Rust is one of the best C replacements we currently have
This is a reply to the article published by Drew DeVault called “Rust is not a good C replacement”.
First of all, let me say that Drew is one of the people out there on the internet whose opinions I highly value. Indeed he is one of the people I try to read and listen to regardless of topic, because I think he is one of the people that deserve unconditional attention.
Needless to say that I've also read his latest piece “Rust is not a good C replacement”. I have to admit I was shocked at first, but after a bit of cooling down (and doing the dishes), I can see where this comes from.
And I have to disagree.
But let me start with my background – because that might be important for you, dear reader, to classify this article.
My background is mostly hobbyist programming. I did a few years of C, probably a few 100kloc, not more. I also do rust since about Rust 1.5.0 (2015-12). I started a job where I expect to write C and C++ professionally about 1 month ago.
So, I do not have a background like Drew with probably millions of lines of C, but I guess that I have a bit more experience with Rust – I wouldn't say that I'm a Rust professional, but I would consider myself a “Advanced Rust Hobbyist”.
I'm also not as skilled in writing blog articles or even with the english language, so keep that in mind when reading this.
I am not a big fan of statement-by-statement replying to an article, but I guess for this type of article it is good enough.
First of all, Drews initial statement that Rust was designed by C++ programmers: Yes, I absolutely see that this is true. Nevertheless I have to say that these C++ programmers started developing Rust because C++ was too complex and too error-prone in what it did and how it did it. Rust is far away from the complexity C++ gives us in terms of language features! From the top of my head, we have
- A full-blown OOP programming paradigm, including
- abstract classes
- partly and fully virtual functions
- pointers and references
- implicit conversions
- Copy/Move constructors
- Dynamic and static polymorphism
- Manual memory management
- Template Metaprogramming / Generic programming
- operator overloading
- Lambda expressions
in C++, whereas in Rust we only get
- Dynamic and static polymorphism
- operator overloading
- Lambda expressions
- Generic programming[^1]
You might consider this list cheated as Rust is not an object oriented language like C++, but an imperative one like C. That is very true. Nevertheless it is one reason why the cognitive load a C++-Program requires one to handle is much higher than an equivalent (as in features of the program) Rust program!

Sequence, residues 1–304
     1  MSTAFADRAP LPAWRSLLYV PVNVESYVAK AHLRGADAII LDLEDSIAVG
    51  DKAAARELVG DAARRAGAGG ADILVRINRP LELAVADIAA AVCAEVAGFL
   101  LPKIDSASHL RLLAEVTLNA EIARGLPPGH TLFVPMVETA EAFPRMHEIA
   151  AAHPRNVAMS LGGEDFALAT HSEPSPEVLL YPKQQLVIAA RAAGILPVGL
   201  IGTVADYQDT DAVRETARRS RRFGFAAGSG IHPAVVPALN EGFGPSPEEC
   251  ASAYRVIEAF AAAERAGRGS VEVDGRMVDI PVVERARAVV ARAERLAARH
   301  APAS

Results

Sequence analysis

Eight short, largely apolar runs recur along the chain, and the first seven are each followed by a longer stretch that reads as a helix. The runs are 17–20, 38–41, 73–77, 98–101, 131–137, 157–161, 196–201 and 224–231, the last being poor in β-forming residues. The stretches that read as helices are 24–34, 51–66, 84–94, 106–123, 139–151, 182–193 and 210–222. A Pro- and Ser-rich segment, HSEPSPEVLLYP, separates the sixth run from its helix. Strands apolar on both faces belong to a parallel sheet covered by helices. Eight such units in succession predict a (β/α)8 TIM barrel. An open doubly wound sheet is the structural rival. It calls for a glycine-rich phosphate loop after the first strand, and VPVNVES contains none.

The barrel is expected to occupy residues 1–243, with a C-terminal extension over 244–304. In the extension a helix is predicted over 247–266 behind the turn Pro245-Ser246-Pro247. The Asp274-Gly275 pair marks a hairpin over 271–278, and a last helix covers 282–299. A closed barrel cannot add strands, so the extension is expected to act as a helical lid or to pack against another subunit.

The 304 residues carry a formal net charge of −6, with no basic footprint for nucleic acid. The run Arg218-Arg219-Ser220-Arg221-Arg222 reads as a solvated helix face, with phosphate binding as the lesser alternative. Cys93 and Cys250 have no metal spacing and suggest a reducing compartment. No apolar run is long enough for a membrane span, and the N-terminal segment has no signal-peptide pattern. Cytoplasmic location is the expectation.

Drew claims that the values of C and C++ programmers are incompatible and I would agree with that. But that does not (have to) mean that a C-programmer and a Rust programmer do not have the same values. It is true, though, that Rust can excel at a lot of topics that C++ covers, but it also empower programmers that do not feel comfortable writing good C code to write their software. And that in a safe and at the same time performant language while not being overly blown up.
Further Drew compares C, C++, Go and Rust by their complexity, measured with features introduced in the language over the years. I am really sorry to say this here, Drew, but we are used to much better from you! You say that this approach (bullet points/features listed on wikipedia vs. bullet points in articles and release notes) is not very scientific, yes. But not even to mention the years these languages were released! For the record:
- C was released in 1972; 47 years ago
- C++ was released in 1985; 35 years ago
- Go was released in 2009; 9 years ago
- Rust was released in 2010; 8 years ago
I am not saying that this disproves your statement – it even supports it! But I do say that comparing based on features per year/release/whatever must include a statement about how old these languages are, even if it is just for showing the reader about what timeframe we are talking.
So, Rust is a relatively young language and yes, it has added a lot of features and therefore can be compared to C++ much better than it can be to C. But saying that a 10-year-old C programm might even compile today and everything might be okay but not so much with Rust is just ignorant of the fact that Rust is not even that old. Having a Rust program that is one year old still compiles fine today (assuming it didn't use a compiler bug) and does not “look old” at all! Rust has a big infrastructure for doing regression tests and for being compatible with older programs.
As you say, out of the way with the philosophical stuff and lets get down to the facts.
C is more portable. But as mentioned before, C is almost six times as old as Rust. We'll get there!
C has a spec. Yes, and I completely hear you on this one. Rust does not (yet?) have a spec and it really is a pain-point. I want one, too! Maybe we'll get there at some point. By the way: Does Go have a spec? It seems like it, but that rather looks like a language definition and I doubt that this is what Drew meant when talking about “a spec”, is it?